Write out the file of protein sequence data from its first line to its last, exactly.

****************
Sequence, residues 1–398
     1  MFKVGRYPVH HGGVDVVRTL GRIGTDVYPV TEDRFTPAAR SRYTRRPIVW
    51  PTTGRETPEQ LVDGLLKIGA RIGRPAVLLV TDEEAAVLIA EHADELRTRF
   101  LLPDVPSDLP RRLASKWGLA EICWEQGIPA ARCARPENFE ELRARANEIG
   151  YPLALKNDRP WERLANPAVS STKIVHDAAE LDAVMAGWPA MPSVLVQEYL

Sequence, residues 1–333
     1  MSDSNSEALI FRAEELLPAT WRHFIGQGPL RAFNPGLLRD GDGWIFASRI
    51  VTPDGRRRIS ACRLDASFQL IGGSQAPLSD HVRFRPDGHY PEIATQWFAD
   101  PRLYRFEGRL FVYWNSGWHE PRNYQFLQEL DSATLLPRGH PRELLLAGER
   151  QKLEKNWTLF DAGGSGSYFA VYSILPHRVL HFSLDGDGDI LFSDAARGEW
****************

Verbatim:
Sequence, residues 1–398
     1  MFKVGRYPVH HGGVDVVRTL GRIGTDVYPV TEDRFTPAAR SRYTRRPIVW
    51  PTTGRETPEQ LVDGLLKIGA RIGRPAVLLV TDEEAAVLIA EHADELRTRF
   101  LLPDVPSDLP RRLASKWGLA EICWEQGIPA ARCARPENFE ELRARANEIG
   151  YPLALKNDRP WERLANPAVS STKIVHDAAE LDAVMAGWPA MPSVLVQEYL

Sequence, residues 1–333
     1  MSDSNSEALI FRAEELLPAT WRHFIGQGPL RAFNPGLLRD GDGWIFASRI
    51  VTPDGRRRIS ACRLDASFQL IGGSQAPLSD HVRFRPDGHY PEIATQWFAD
   101  PRLYRFEGRL FVYWNSGWHE PRNYQFLQEL DSATLLPRGH PRELLLAGER
   151  QKLEKNWTLF DAGGSGSYFA VYSILPHRVL HFSLDGDGDI LFSDAARGEW